AmphibiaWeb - Hyalinobatrachium yaku


(Translations may not be accurate.)

Hyalinobatrachium yaku Guayasamin, Cisneros-Heredia, Maynard, Lynch, Culebras & Hamilton, 2017
Yaku Glassfrog, Rana de Cristal Yaku
family: Centrolenidae
subfamily: Hyalinobatrachinae
genus: Hyalinobatrachium
Species Description: Guayasamin, J.M., D.F. Cisneros-Heredia, R.J. Maynard, R.L. Lynch, J. Culebras, and P.S. Hamilton. 2017. A marvelous new glassfrog (Centrolenidae, Hyalinobatrachium) from Amazonian Ecuador. ZooKeys 673: 1–20.
Conservation Status (definitions)
IUCN Red List Status Account
National Status None
Regional Status None


Berkeley mapper logo

View distribution map in BerkeleyMapper.

Hyalinobatrachium yaku is a species of glass frogs with small, middorsal, dark green spots on the head and dorsum, and a transparent pericardium. It was described from four males, one female, and two juveniles. The snout-vent length in adult males is 20.8 – 22.3 mm and about 21.1 mm for the adult female. The head is just wider than body. The snout is truncate in the lateral view. The nostrils are slightly bulging and oval. Enameled glands are absent from sides of head in this species. The area between the eye and the nostrils are slightly concave. When it comes to forelimbs, there is basal webbing between Fingers 1 and 2, and moderate webbing between external fingers. There is also a small pad on Finger 1. The hind limbs are slender with a tibia length about 59% of snout-vent length and moderate foot webbing. (Guayasamin et al. 2017)

Hyalinobatrachium yaku is closely related to H. pellucidum but is distinguished by a longer call and small, dark green spots on its head. Hyalinobatrachium yaku can be also distinguished by a completely exposed heart and presence of middorsal dark green spots on the anterior half of the body. Only H. talamancae and H. vireovittatum share these traits, however, they are not phylogenetically related and can be differentiated by the dark green dorsal spots in H. yaku. Hyalinobatrachium munozorum and H. ruedai can be found in sympatry with H. yaku, but these species have a white or mostly white pericardium vs the transparent pericardium in H. yaku, dorsal pigment cells of different sizes, which in contrast are uniform-sized in H. yaku. Additionally, the snout is rounded in lateral view in both H. munozorum and H. ruedai, which in contrast is truncate in H. yaku. Lastly, they lack the row of dark green middorsal spots of H. yaku, which also differentiates the focal species from H. anachoretus. Additionally, the call of H. anachoretus has a lower dominant frequency, 4670 – 4800 Hz versus 5219.3 – 5329.6 in H. yaku (Guayasamin et al. 2017).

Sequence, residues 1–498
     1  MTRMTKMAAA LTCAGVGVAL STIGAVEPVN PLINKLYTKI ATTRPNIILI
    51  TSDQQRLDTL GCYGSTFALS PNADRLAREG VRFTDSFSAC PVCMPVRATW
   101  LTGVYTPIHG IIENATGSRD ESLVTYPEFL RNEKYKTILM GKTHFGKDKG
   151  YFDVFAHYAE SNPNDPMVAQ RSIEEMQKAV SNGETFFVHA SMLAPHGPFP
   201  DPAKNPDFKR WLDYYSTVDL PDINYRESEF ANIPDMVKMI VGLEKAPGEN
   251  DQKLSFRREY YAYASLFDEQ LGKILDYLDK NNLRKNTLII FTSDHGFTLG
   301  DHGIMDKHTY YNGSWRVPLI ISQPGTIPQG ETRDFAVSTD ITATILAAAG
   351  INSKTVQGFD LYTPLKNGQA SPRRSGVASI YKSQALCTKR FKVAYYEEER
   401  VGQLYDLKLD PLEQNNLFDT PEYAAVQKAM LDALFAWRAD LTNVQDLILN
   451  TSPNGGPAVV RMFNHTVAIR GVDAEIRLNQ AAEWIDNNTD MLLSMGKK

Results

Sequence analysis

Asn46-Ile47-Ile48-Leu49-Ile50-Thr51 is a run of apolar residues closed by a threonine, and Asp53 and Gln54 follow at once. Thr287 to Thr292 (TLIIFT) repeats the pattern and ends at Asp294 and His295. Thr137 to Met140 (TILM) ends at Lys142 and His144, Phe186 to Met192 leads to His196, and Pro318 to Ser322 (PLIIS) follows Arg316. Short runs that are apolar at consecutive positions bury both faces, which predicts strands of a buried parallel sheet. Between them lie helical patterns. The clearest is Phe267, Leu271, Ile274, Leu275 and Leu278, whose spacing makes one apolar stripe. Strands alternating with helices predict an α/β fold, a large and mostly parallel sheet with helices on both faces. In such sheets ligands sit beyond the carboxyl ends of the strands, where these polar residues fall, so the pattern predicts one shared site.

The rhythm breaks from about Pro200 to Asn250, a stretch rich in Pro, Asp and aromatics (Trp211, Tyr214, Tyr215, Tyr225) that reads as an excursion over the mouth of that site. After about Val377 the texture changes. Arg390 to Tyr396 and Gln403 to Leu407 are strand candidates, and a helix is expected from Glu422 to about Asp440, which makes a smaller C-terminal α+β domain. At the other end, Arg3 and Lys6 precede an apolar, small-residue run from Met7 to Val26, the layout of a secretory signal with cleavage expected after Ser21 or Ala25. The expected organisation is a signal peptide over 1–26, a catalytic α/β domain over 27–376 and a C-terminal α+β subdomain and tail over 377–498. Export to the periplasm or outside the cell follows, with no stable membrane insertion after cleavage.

The dorsal surfaces of this species are apple green to yellowish green with small yellow spots and tiny gray to black pigment cells. Along the midline from the posterior head to the anterior half of the body there are a few small, well-defined dark green spots, with the largest spots located in the anterior region. The red heart is fully visible along with red ventral veins and white bones through the transparent parietal peritoneum, pericardium, kidneys and urinary bladder are transparent. Iris coloration in life is silver to yellow, with small dark spots that are concentrated around the pupil, giving the impression of a ring (Guayasamin et al. 2017).

When put in preservatives, the dorsal surfaces are pale white with tiny lavender to black pigment cells. There is no trace of the characteristic dark green middorsal spots in preservative specimens. The ventrum becomes white. The iris turns white with lavender pigment cells growing more numerous towards the pupil (Guayasamin et al. 2017).

The other male from the same locality as the holotype (a stream near the Kallana river, near the Kichwa community of Kallana, province of Pastaza, Ecuador) has more foot webbing than the holotype (Guayasamin et al. 2017). There may be sexual dimorphism, with the female being smaller than the males. The eye diameter in males is 2.4 - 2.5 mm and 1.6 mm in the female specimen. The limbs and bones are also smaller in the female when compared to males. There is no color difference recorded between sexes (Guayasamin et al. 2017).

Distribution and Habitat

Country distribution from AmphibiaWeb's database: Ecuador

Berkeley mapper logo

View distribution map in BerkeleyMapper.